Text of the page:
It looks like you're using an Ad Blocker.

Please white-list or disable AboveTopSecret.com in your ad-blocking tool.

Thank you.

 

Some features of ATS will be disabled while you continue to use an ad-blocker.

 

Three activists 'prisoners' after slipping aboard Japanese ship

page: 2
6
<< 1   >>

log in

join
share:

posted on Jan, 8 2012 @ 12:36 AM
link   

Originally posted by daaskapital
reply to post by Wrabbit2000
 


I agree however, this ship is in Australian waters, so i think that Australia has to intervene, especially considering that Aussie citizens are being held hostage.

I'm just disagreeing with what you're saying for their status. I'd call them prisoners after breaking international maritime law. I'd imagine Australian law too unless Australia condones strangers covertly boarding other people's ships.


"The boats approached the Shonan Maru under the cover of darkness and the three negotiated their way past the razor wire and spikes and over the rails to successfully board the Japanese whaling vessel.

"They came with a message: Return us to shore in Australia and then remove yourself from our waters."


Hostages? I'm just not quite seeing it. Who thought this was a good idea or thought this could possibly turn out well?? Again, I respect the Shepards. I think Whaling is horrific as I believe those animals have intelligence on par with our own, if in a very different way. However.... This strikes me as similar to the worst and most self defeating of the Occupy tactics.....with the attitude of entitlement to go with it.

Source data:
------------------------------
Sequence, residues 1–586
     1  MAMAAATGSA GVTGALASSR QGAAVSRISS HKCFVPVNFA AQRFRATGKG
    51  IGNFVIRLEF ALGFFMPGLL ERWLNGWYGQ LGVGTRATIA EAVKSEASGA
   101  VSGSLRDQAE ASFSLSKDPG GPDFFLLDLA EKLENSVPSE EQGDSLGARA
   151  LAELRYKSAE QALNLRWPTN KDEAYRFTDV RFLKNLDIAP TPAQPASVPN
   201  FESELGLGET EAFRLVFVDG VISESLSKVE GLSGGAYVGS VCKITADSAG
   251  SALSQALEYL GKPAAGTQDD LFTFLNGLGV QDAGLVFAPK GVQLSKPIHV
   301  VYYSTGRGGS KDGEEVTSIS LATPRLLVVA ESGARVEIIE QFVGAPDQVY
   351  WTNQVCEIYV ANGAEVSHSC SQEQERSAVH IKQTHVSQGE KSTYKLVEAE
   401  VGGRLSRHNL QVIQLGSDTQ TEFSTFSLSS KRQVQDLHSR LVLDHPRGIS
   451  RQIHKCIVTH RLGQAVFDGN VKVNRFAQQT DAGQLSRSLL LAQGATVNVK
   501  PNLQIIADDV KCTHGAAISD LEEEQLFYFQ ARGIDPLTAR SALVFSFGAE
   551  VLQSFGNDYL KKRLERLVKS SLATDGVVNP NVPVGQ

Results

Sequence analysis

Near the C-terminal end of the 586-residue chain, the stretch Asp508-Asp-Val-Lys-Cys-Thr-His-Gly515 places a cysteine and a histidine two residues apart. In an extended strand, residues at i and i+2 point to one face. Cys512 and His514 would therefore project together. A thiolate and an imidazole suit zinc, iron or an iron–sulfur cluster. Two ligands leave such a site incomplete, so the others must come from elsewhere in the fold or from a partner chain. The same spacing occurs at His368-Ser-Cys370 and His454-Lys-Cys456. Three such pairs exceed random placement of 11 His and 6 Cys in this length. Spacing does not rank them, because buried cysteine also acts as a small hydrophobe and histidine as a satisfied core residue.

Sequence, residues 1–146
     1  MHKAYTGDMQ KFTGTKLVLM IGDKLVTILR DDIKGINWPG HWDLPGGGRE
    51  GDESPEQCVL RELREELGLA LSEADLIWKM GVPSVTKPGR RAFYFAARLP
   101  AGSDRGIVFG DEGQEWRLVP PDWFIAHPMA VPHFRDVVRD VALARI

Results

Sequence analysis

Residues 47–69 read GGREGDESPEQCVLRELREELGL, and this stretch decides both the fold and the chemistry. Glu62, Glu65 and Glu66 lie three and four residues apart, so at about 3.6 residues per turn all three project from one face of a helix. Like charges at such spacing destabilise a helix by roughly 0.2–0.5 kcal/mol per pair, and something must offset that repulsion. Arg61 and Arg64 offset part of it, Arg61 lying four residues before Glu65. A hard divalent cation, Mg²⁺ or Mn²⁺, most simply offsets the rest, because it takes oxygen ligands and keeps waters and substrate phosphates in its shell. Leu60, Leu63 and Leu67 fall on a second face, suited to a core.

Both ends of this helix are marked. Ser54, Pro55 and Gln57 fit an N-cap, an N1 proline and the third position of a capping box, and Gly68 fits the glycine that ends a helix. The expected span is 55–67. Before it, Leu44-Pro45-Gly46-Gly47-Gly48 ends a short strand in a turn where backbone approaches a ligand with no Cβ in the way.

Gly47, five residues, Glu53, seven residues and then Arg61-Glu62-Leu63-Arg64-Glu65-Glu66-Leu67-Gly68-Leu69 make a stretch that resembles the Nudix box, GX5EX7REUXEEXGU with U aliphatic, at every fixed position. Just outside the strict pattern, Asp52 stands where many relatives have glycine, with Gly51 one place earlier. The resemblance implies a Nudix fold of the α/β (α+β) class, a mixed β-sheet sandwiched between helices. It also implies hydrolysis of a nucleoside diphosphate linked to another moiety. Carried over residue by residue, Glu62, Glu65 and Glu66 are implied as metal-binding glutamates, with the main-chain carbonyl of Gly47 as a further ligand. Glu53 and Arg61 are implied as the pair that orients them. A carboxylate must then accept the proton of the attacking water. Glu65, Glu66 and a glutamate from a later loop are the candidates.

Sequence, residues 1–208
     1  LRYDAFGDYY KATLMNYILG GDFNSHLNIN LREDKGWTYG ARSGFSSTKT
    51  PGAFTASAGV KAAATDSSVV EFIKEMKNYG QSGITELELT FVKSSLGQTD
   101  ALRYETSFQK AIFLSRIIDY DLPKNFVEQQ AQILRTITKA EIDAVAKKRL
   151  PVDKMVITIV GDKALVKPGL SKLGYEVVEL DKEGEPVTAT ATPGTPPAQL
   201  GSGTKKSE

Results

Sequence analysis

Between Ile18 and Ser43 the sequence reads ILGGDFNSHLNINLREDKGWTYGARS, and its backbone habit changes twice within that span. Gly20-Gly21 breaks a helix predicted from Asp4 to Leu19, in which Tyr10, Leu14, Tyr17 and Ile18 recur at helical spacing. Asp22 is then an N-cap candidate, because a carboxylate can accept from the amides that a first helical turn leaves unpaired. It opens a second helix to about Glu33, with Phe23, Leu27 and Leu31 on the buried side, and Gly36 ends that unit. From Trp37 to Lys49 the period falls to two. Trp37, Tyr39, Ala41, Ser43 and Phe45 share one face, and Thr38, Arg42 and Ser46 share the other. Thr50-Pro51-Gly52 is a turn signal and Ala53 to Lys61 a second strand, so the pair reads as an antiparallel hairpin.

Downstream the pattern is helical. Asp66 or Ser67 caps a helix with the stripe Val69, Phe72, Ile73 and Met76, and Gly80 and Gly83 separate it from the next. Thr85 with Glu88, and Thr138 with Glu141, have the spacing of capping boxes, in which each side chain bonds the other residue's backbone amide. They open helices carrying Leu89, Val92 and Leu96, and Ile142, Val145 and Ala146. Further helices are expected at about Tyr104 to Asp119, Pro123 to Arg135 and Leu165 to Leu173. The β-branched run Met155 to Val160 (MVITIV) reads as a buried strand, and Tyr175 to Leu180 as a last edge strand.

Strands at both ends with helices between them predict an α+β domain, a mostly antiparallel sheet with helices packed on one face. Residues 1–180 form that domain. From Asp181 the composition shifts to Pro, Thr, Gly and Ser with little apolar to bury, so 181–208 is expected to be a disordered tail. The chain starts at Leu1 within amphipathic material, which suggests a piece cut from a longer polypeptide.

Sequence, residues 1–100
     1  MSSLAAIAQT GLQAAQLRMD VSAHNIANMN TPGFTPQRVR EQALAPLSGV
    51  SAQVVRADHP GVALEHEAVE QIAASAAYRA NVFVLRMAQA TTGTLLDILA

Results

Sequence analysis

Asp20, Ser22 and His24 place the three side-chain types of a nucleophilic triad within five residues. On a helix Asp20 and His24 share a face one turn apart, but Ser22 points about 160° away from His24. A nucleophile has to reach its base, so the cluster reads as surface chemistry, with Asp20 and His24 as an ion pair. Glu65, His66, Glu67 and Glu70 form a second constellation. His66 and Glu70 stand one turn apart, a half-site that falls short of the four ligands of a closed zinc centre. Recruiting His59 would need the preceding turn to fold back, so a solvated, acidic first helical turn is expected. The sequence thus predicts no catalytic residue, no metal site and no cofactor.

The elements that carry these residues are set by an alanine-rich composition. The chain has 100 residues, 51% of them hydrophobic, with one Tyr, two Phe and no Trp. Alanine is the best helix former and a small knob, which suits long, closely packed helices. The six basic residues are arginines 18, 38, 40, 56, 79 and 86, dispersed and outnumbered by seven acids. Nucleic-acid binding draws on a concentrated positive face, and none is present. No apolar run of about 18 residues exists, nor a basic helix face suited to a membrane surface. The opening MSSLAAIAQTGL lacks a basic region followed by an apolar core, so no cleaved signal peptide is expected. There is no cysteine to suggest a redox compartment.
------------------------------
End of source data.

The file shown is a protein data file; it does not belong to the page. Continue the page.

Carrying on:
I'll be disappointed if the Military does something, unless the Japanese get totally inappropriate with their prisoners...like throwing them over the side.

edit on 8-1-2012 by Wrabbit2000 because: (no reason given)




posted on Jan, 8 2012 @ 01:02 AM
link   

Originally posted by daaskapital
reply to post by Wrabbit2000
 


I agree however, this ship is in Australian waters, so i think that Australia has to intervene, especially considering that Aussie citizens are being held hostage.


It is in Australia's EEZ AFAIK - which is NOT Australian waters.



posted on Jan, 8 2012 @ 01:02 AM
link   
reply to post by Wrabbit2000
 


I sort of agree. I will always support people acting in accordance to their beliefs even if they do not act within the law. Laws are important (when they are appropriate), and when someone does something illegal to support something they KNOW is right, I can't help but support that. Even if I disagree (which I do not in this case).

That being said, one should always expect to reap the consequences of one's actions.



posted on Jan, 8 2012 @ 01:59 AM
link   

Originally posted by zooplancton
I was in the US Navy (USS Jouette CG-29) was coxswain qualified and have tons of boat experience under my belt.

when boarding a boat, you are stepping into someone's domain. it is their boat/ship. period. and they make the rules. that is basic maritime rule.

I'm not for whaling by any means but you have to have an ounce of understanding of rules and barriers when trying to make a statement. especially in activism.